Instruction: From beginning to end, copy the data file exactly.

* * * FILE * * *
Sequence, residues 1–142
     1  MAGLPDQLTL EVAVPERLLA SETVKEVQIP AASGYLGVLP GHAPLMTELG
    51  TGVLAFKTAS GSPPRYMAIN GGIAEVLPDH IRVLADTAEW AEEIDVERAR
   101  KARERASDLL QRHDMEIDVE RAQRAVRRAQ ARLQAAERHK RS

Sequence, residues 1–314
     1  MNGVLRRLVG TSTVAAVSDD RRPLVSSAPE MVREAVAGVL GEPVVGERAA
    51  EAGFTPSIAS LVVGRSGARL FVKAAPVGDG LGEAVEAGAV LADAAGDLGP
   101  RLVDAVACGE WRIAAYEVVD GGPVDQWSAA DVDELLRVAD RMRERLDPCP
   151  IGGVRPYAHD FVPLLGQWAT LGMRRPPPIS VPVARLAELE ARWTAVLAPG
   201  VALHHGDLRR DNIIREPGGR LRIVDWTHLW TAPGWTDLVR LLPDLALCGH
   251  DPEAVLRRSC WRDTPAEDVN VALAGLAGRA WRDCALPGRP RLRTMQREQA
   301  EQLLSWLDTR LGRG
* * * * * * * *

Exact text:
Sequence, residues 1–142
     1  MAGLPDQLTL EVAVPERLLA SETVKEVQIP AASGYLGVLP GHAPLMTELG
    51  TGVLAFKTAS GSPPRYMAIN GGIAEVLPDH IRVLADTAEW AEEIDVERAR
   101  KARERASDLL QRHDMEIDVE RAQRAVRRAQ ARLQAAERHK RS

Sequence, residues 1–314
     1  MNGVLRRLVG TSTVAAVSDD RRPLVSSAPE MVREAVAGVL GEPVVGERAA
    51  EAGFTPSIAS LVVGRSGARL FVKAAPVGDG LGEAVEAGAV LADAAGDLGP
   101  RLVDAVACGE WRIAAYEVVD GGPVDQWSAA DVDELLRVAD RMRERLDPCP
   151  IGGVRPYAHD FVPLLGQWAT LGMRRPPPIS VPVARLAELE ARWTAVLAPG
   201  VALHHGDLRR DNIIREPGGR LRIVDWTHLW TAPGWTDLVR LLPDLALCGH
   251  DPEAVLRRSC WRDTPAEDVN VALAGLAGRA WRDCALPGRP RLRTMQREQA
   301  EQLLSWLDTR LGRG